Copyright and performing animals

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We have reported previously on the case of the “monkey selfie” – whether a monkey could own copyright in a photograph. As a variation on a theme, the UK Intellectual Property Enterprise Court has considered whether a routine involving an animal performing tricks was capable of attracting copyright protection.

In the case [1], the claimant zoo applied for an interim injunction to prevent the defendant, an animal protection society, from publishing photographs and video clips taken on the claimant’s premises. Some of the footage featured a trainer and an animal performing tricks. Much of the argument was around whether there was a breach of confidentiality – and the Court found that there was an arguable case on this – but one issue before the Court was whether there was copyright infringement, namely a breach of performer’s rights.

The legislation on performers’ rights is contained in section 180 of the Copyright, Designs and Patents Act 1988. As the Court noted, the definition of “performance” in section 180(2), did not include a “variety act”. However, the Court considered that it was justifiable as a matter of policy that animal acts should have performers’ rights in the same way as other acts. The claim of performer’s rights in this case was supported by the fact that the animals had been trained and it was this – the involvement of human trainers – that was critical. The claimant therefore had an arguable case on copyright infringement.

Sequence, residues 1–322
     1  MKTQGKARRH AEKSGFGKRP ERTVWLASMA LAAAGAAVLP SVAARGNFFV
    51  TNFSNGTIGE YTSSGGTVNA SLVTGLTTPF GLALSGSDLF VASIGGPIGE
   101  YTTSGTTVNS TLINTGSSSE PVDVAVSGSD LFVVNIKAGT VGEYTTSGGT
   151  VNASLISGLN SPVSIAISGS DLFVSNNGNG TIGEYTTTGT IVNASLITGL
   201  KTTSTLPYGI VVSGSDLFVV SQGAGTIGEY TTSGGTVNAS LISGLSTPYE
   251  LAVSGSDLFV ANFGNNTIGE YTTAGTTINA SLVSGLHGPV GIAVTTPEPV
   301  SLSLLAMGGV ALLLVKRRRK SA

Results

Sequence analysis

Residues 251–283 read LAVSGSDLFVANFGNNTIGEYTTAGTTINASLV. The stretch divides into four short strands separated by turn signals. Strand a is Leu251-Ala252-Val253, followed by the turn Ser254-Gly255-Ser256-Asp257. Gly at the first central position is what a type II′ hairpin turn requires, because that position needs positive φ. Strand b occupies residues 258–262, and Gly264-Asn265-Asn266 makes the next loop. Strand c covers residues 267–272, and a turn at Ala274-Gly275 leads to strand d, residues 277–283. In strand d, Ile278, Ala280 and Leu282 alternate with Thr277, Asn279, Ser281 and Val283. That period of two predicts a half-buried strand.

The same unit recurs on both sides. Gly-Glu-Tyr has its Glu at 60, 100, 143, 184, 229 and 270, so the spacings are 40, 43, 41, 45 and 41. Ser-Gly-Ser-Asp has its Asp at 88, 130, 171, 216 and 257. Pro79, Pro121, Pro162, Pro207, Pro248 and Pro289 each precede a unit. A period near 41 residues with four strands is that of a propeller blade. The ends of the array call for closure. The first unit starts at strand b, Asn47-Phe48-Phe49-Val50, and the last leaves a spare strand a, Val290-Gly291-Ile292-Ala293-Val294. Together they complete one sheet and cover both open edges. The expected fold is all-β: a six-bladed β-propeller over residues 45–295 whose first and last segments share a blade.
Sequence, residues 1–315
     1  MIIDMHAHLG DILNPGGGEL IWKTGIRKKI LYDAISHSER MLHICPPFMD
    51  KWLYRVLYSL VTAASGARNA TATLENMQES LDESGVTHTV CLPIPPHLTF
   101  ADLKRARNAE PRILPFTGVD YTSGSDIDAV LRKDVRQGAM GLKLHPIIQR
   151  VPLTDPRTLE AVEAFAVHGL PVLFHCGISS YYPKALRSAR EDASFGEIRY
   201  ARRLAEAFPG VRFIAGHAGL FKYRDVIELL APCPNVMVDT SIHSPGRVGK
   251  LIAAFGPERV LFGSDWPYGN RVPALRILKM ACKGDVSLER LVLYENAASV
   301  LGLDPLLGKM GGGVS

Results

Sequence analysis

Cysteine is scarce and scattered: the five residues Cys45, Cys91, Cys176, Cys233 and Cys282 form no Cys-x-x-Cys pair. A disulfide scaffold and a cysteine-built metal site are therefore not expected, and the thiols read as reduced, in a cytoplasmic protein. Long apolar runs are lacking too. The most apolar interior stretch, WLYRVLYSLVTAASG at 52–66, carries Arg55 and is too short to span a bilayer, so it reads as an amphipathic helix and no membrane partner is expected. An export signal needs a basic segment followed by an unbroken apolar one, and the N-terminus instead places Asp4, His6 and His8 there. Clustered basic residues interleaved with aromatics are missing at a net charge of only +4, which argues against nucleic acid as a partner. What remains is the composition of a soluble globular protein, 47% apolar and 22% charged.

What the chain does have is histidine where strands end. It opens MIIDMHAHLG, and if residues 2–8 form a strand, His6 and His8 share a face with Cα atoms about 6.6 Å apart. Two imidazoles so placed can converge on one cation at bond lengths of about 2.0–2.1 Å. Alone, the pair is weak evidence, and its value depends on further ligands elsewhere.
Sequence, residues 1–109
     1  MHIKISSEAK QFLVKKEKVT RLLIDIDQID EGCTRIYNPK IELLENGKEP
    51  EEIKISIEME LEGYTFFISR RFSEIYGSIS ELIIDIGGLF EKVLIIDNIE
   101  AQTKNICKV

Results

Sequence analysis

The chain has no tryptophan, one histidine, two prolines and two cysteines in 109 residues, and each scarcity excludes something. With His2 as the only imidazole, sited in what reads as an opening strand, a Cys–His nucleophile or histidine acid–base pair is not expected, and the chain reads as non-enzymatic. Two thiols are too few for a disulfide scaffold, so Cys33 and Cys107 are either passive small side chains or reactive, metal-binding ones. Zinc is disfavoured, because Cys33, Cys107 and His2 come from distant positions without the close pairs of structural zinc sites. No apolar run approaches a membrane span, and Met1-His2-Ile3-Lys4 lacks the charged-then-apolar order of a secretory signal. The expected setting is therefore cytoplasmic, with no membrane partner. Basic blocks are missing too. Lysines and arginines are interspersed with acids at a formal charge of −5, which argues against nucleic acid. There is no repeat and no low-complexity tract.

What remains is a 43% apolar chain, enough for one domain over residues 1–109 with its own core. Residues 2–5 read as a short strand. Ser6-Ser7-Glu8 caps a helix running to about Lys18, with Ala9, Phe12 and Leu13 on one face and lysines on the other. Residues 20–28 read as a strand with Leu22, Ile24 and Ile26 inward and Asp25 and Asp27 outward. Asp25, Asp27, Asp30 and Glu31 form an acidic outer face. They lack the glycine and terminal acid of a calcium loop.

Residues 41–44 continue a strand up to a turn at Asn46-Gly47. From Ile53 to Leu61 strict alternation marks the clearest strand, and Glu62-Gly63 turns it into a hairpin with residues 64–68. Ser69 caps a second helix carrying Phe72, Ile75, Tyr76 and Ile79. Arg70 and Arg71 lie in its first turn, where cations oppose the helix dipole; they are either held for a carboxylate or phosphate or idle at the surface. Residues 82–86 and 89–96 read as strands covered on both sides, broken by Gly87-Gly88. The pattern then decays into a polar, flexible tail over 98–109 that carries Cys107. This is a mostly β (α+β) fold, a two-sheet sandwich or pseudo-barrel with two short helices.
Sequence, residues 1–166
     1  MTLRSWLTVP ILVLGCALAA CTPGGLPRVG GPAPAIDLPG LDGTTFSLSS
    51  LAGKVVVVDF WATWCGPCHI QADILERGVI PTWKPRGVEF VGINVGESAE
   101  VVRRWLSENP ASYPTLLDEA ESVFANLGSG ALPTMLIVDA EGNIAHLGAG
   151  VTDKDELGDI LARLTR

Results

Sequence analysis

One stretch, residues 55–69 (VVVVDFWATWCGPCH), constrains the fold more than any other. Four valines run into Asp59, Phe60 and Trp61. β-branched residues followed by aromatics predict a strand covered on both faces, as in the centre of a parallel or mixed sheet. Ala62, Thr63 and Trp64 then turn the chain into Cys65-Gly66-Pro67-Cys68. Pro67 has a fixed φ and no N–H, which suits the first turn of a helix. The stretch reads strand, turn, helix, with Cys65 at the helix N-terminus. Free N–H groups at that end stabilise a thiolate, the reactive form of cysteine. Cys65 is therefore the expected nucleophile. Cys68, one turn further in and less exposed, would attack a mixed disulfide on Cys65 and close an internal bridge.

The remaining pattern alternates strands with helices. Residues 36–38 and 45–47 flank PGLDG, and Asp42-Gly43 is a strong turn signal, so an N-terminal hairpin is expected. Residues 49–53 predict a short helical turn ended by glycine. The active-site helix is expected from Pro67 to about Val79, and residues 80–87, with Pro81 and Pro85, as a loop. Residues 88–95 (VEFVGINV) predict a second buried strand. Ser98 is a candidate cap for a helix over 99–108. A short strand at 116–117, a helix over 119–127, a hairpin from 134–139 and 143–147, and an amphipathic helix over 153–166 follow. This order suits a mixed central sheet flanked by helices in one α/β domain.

Though only an interim application, this is an interesting decision and does raise the question of where the line is drawn – how much involvement does there need to be by the trainer in order for a variety act involving animals to be capable of attracting protection as a performer’s right?

The reasoning of the Court is hard to argue with but nonetheless the decision may come as something of a surprise given the prevalence of the SIMPLY MARKET operations in France


[1] Heythrop Zoological Gardens Ltd (t/a Amazing Animals) & another v Captive Animals Protection Society (2016)